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The Beachbody Company

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The Beachbody Company
Company typePublic
Founded1998; 26 years ago (1998)
Santa Monica, California, U.S.
FoundersCarl Daikeler
Jon Congdon
El Segundo, California
Area served
United States, Canada, United Kingdom, and France
  • Beachbody On Demand
  • Team Beachbody
  • Gear UP
  • Beachbody Gear
  • MyXFitness
  • LadderSport
RevenueDecrease US$820.82 million (2021)

The Beachbody Company is a publicly traded American fitness and health company based in El Segundo, California. It operates the brands Beachbody On Demand, Team Beachbody, MYXfitness and Openfit. The company also sells dietary supplements such as Shakeology and Beachbar[1] through direct response infomercials[2] and multi-level marketing via independent Team Beachbody "coaches" who serve as sales consultants.[3] In 2023, the company changed its name to BODi.[4]


Beachbody was founded in 1998 by Carl Daikeler and Jon Congdon in Santa Monica, California.[5] Daikeler was previously in informercials for Lifeline Gym and :08 Min Abs in the 1990s. The founders received $500,000 in angel investing, developed a series of workout videos and bought the website Beachbody.com.[2][6]

In 2005, P90X, or Power 90 Extreme, was created by Tony Horton as a commercial home exercise regimen and developed as a successor to the program called "Power 90". It consists of a training program that uses cross-training and periodization, combined with a nutrition and dietary supplement plan.[7] It was heavily marketed through infomercials and celebrity endorsements.[8][verification needed]

In 2007, customers began selling workout DVDs.[2] The company announced that it was developing an OTT streaming platform in 2015 that would function similar to Netflix containing all of its exercise workouts previously available on DVD. The platform gained popularity early in the COVID-19 pandemic with more than half a million new subscribers at that time.[9][10]

Between June and November 2017, advertising watchdog organization Truth in Advertising found that Beachbody distributors were making false and unsubstantiated income claims to promote the company's business opportunity.[11]

In 2017, Beachbody agreed to pay $3.6 million to settle a lawsuit from the city of Santa Monica over automatic credit card renewals. It was alleged that Beachbody was charging its customers’ credit cards on an automatic, recurring basis without the required written consent of those customers.[12]

In 2018, Congdon co-founded a personalized nutrition programming and tracking app with "FaceTime for fitness" live group classes called Openfit.[13] The company acquired LeBron James and Arnold Schwarzenegger's Ladder, which develops nutritional products to help athletes with severe cramping after James had issues in the 2014 NBA Finals. The terms of the deal were not disclosed, James and Schwarzenegger remained minority stakeholders.[14]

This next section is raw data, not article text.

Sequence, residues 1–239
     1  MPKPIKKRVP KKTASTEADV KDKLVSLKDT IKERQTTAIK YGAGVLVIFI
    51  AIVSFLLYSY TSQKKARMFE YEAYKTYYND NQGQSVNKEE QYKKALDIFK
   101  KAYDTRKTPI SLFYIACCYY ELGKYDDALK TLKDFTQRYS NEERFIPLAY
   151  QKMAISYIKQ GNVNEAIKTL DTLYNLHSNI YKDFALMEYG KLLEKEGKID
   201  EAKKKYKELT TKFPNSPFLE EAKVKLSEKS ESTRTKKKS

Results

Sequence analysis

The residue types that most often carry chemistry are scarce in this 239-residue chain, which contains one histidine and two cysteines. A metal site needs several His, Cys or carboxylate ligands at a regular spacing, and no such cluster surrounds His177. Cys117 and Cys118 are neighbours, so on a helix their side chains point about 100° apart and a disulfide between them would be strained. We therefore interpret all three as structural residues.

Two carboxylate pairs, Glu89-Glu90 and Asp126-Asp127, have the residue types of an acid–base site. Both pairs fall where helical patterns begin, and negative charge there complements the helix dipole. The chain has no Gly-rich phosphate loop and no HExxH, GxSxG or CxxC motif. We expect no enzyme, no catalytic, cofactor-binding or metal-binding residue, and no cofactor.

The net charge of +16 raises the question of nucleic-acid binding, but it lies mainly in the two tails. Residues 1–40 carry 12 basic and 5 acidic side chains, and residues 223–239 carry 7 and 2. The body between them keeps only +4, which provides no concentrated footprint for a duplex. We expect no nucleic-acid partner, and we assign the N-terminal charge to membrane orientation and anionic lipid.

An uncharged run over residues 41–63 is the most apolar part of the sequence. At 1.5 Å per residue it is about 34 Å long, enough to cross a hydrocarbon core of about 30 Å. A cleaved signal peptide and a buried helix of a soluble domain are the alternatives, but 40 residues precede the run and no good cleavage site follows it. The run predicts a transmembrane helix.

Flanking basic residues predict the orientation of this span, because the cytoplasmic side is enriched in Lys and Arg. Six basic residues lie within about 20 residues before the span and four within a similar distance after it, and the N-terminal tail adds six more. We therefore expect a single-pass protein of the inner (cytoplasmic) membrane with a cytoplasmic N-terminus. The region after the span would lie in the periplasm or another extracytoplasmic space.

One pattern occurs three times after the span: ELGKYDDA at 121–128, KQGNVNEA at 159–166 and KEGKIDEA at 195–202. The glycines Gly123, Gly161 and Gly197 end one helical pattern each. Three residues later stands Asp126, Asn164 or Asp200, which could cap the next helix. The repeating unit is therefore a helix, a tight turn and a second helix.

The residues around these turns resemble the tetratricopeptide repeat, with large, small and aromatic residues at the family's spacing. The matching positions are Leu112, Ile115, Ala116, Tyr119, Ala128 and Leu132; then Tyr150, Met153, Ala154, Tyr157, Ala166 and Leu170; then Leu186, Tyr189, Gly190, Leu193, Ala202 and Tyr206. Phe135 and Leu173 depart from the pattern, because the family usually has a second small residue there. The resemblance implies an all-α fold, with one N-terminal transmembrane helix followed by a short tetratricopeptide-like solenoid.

A three-way merger between Forest Road Acquisition Corp, Myx Fitness Holdings and Beachbody was entered into in February 2021, which valued the new business combination at $2.9 billion. It was known as The Beachbody Company.[15]

In March 2023, the company changed its name to BODi.[4][16] The company was subject to a class-action lawsuit in California regarding its classification of independent contractors. The case seeks to require Beachbody to pay its independent distributors ("coaches") up to four years’ worth of unpaid wages and business expenses if they are deemed employees.[17] Later that year, BODi announced a partnership with high-performance coach, Brendon Burchard and a change to its compensation plan for 2024.[18]


Beachbody On Demand[edit]

Beachbody On Demand
Launch dateJuly 2015; 8 years ago (2015-07)
MembersIncrease 2 million (as of April 29, 2020)

The company introduced a video on demand streaming subscription service known as Beachbody On Demand in 2015 with a library of at-home workouts from programs such as Insanity and P90X.[19] According to the CEO, the company's board was hesitant to offer all of its workout DVDs for a single subscription rate.[2]

Its programs include Morning Meltdown 100, 80 Day Obsession, LIIFT4, 21 Day Fix and Insanity.[20][5]

Due to lockdowns associated with the COVID-19 pandemic, Beachbody On Demand experienced growth of more than 300 percent in new subscribers, passing 2 million overall by April 2020.[21] The company announced that it would stream free classes for children on Vimeo during the pandemic.[22]

Team Beachbody[edit]

Team Beachbody encourages members of the general public to enroll as "coaches". These customers-turned-salespeople register online as a "coach" and sell fitness packages using Beachbody products and programs including workout DVDs, food supplements and meal plans and in turn earning up to 25% commission[23] for each sale.[24] Carl Daikeler, a co-founder described coaches as serving as "walking billboards and salespeople who want to help their family and friends..."[3] and that the "average lifespan" of a coach is three months. In 2013, CNN reported that within two years of Team Beachbody's launch, sales of the parent company's products rose more than 60%.[25]